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In Armenia, the opposition continues to maintain the blockade of the parliament

YEREVAN, “Armenia” – Hundreds of opposition supporters continued to blockade the Armenian parliament for the second day in a row on Wednesday, demanding the resignation of the country’s prime minister, who has been conducting military exercises to calm the top military group.

Nikol Pashinyan rejected opposition pressure to drop the November peace deal, which ended six weeks of fierce fighting over Nagorno-Karabakh, allowing Azerbaijan to regain control of decades-old Armenian-held territory.

Political tensions escalated last month when the General Staff of the Armed Forces demanded Pashinyan’s resignation, to which he responded by dismissing Chief of General Staff Colonel-General Onik Gasparyan. On Wednesday, Pashinyan appointed Gasparyan’s legal successor and met with senior military officials.

Gasparyan condemned his resignation as unconstitutional, reaffirmed the call for the resignation of the Prime Minister.

Another senior officer, Major General Grigory Khachaturov, who is the commander of the 3rd Army Corps, strongly supported Gasparyan in a statement on Wednesday, saying that “every hour Pashinyan stays in the post of Prime Minister, destroys Armenia’s security, raises suspicions.” about its future. “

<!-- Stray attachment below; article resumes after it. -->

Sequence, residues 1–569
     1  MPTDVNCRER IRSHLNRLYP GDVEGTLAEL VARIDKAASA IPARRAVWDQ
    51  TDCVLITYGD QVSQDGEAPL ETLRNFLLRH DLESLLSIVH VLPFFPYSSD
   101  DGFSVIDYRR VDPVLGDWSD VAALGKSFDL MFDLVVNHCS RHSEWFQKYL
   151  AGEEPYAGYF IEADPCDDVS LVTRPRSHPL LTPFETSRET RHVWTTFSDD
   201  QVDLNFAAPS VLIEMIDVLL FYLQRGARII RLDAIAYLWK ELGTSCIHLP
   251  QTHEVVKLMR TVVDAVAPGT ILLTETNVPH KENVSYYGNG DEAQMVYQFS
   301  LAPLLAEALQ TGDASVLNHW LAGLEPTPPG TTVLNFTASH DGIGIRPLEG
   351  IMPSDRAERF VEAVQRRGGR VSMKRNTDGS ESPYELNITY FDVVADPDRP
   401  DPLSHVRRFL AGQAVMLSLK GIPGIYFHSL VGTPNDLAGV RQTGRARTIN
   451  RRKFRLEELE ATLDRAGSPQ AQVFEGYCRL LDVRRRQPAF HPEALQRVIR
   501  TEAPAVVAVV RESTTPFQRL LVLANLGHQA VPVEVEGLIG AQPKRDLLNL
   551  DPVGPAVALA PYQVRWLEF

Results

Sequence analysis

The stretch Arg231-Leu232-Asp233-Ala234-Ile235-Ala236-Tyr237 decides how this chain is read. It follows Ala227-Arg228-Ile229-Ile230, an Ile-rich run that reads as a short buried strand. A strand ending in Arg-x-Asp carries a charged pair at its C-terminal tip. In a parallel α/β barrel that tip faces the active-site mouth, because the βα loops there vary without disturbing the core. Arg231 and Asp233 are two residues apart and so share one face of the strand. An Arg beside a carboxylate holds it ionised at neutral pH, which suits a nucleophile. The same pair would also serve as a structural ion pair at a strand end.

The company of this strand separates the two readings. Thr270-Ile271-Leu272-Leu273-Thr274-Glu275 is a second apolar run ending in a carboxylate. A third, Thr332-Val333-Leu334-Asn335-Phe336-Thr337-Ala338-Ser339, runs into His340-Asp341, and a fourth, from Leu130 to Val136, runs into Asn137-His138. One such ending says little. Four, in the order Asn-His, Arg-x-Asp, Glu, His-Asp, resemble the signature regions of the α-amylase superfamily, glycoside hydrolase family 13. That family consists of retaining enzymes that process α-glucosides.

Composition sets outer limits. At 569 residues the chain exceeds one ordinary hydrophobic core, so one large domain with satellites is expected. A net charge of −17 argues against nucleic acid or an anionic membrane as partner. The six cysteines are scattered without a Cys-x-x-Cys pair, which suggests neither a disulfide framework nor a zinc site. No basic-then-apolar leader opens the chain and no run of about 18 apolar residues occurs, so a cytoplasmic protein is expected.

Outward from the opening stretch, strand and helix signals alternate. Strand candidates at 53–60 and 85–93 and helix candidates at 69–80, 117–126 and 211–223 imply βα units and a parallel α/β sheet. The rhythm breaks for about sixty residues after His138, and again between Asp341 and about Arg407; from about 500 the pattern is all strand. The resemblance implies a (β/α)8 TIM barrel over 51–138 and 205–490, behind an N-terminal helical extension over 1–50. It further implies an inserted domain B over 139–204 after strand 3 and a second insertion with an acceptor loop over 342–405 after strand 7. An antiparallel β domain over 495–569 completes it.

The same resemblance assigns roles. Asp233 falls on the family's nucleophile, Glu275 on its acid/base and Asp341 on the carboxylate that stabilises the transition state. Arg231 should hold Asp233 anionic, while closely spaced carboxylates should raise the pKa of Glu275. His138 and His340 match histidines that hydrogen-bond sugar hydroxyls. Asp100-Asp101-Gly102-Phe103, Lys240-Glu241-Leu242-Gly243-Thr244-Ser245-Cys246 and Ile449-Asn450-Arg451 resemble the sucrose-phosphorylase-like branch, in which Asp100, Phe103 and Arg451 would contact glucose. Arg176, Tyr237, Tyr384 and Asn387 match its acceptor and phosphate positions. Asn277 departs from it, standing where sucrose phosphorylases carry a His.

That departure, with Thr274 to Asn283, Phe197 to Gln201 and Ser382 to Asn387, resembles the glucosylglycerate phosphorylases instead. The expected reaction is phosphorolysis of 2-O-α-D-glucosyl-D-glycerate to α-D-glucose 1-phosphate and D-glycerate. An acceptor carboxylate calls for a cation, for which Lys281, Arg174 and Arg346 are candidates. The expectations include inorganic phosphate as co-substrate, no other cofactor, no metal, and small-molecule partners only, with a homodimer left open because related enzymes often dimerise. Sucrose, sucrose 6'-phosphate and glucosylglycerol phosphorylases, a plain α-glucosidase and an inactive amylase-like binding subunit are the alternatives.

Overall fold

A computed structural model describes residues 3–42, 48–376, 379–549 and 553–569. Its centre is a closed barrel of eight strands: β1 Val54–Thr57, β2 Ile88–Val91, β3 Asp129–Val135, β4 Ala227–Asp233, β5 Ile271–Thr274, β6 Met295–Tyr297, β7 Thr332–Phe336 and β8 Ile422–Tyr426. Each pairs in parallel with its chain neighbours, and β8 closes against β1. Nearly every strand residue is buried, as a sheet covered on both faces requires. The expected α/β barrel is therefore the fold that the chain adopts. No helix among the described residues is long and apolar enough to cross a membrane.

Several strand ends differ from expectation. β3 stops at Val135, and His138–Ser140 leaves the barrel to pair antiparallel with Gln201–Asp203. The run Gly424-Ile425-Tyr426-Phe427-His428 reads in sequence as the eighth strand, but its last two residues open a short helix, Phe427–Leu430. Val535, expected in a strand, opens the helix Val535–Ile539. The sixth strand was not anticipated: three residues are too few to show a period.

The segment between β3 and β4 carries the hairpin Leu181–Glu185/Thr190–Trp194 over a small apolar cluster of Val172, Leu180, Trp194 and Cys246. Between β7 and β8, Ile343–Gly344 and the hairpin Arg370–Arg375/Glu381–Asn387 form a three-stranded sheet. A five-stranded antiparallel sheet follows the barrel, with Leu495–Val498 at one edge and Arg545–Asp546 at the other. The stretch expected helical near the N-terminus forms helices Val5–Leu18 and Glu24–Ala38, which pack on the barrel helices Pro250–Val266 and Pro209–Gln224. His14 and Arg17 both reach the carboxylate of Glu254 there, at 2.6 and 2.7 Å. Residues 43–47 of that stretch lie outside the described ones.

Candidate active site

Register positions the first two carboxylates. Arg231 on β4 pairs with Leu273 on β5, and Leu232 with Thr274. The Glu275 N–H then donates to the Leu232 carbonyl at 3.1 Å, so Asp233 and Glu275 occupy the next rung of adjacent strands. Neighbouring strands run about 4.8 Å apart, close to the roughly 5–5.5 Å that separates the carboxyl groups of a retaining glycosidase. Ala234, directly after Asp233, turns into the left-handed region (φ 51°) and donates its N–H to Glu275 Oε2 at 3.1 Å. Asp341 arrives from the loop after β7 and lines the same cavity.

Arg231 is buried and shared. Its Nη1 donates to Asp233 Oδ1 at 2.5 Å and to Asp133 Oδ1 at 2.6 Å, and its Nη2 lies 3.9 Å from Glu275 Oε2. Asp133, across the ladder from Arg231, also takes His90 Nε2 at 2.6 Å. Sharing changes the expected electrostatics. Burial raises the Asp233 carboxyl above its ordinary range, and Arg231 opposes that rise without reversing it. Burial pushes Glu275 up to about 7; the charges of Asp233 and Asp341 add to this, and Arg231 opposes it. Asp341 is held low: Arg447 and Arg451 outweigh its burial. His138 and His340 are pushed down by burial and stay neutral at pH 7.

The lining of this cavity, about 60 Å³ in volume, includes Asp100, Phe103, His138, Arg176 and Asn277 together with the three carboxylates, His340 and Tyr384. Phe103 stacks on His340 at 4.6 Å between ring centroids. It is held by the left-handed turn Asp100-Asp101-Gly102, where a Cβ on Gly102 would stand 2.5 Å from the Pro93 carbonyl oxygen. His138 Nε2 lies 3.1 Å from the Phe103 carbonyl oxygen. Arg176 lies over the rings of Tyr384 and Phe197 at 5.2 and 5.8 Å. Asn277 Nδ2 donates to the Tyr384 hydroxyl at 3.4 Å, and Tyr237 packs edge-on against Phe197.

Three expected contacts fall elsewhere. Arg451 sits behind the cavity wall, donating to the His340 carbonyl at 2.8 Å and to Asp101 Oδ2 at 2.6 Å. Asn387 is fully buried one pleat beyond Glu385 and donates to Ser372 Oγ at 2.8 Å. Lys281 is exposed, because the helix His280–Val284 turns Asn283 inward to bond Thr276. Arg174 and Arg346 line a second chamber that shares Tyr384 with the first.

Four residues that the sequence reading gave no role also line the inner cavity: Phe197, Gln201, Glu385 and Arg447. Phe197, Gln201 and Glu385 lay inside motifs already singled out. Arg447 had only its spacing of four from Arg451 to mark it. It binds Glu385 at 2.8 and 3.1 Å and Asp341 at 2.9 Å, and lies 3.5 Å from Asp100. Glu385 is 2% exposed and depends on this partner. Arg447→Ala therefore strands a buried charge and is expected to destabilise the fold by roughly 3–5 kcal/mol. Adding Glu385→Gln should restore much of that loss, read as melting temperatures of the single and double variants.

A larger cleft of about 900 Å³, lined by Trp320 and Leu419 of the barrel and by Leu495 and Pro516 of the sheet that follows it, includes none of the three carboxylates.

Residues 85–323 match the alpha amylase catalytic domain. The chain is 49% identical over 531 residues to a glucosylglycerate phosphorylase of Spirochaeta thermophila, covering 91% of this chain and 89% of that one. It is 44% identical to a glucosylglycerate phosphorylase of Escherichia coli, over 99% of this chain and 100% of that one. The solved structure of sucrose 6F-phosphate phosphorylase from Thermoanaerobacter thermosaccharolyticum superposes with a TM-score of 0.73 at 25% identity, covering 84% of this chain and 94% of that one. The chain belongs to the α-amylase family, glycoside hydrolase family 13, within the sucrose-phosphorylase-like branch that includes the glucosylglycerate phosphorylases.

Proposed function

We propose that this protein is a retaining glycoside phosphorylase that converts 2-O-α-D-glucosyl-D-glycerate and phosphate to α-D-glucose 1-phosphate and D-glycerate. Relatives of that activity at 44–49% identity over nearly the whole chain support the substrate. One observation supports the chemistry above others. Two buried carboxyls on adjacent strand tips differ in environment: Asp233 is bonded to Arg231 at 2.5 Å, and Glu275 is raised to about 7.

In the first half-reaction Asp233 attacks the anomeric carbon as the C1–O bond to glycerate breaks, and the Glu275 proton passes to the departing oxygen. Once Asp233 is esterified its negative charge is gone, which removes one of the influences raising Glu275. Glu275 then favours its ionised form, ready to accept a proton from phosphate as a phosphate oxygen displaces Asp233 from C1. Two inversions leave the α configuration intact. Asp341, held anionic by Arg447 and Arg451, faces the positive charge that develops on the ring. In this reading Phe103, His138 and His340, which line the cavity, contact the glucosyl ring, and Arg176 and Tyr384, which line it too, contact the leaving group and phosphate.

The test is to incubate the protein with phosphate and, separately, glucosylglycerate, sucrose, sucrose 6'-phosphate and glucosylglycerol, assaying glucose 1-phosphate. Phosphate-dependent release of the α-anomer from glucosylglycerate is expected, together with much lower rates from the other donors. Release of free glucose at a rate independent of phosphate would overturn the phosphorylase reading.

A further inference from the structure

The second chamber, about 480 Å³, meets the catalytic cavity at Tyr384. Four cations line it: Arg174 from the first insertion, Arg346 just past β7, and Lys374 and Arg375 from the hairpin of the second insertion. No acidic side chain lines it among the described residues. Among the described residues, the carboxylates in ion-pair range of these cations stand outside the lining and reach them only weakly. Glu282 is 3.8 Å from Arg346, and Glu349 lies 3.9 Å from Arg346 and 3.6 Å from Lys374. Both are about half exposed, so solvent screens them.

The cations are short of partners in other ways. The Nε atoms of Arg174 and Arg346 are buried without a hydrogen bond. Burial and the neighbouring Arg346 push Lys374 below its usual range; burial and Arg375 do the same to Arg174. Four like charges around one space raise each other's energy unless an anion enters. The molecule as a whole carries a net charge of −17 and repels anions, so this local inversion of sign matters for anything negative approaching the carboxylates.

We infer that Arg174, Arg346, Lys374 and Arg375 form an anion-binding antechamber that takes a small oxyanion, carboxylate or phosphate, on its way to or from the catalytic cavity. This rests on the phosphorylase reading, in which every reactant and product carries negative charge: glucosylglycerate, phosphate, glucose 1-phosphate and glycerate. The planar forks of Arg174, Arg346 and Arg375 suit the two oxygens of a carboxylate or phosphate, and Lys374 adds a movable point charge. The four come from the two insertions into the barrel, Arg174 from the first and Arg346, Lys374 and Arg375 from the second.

As part of an effort to put pressure on Pashinyan, opposition supporters surrounded the parliament building on Tuesday. Hundreds of protesters continued the blockade on Wednesday amid heavy police presence.

Later, they expanded their activities to close the street leading to Pashinyan’s residence.

Speaking at an opposition rally, Ishkhan Saghatelyan, one of the leaders of the protest, accused the government of violating the constitution, accusing it of giving people the right to revolt against it.

Pashinyan tried to defuse the political crisis by proposing a snap parliamentary vote later this year, but he flatly rejected the opposition’s demand to step down before the vote.

Pashinyan has faced opposition demands for the resignation of the opposition since November 10, when a 44-day peace deal in Nagorno-Karabakh ended with a Russian-brokered peace deal that killed more than 6,000 people. In the agreement, Azerbaijan regained control of most of the territories adjacent to Nagorno-Karabakh, which had been held by Armenian forces for more than a quarter of a century.

Pashinyan, a 45-year-old former journalist who came to power in 2018 after a massive street protest in which he ousted his predecessor and defended his predecessor, defended the peace deal as the only way to prevent the Azeri army from occupying the entire Nagorno-Karabakh region. It was part of Azerbaijan, but was under the control of Armenian-backed ethnic Armenian forces since the separatist war there ended in 1994.

Russia has deployed about 2,000 peacekeepers to monitor the peace agreement.


Vladimir Isachenkov participated in this report in Moscow.


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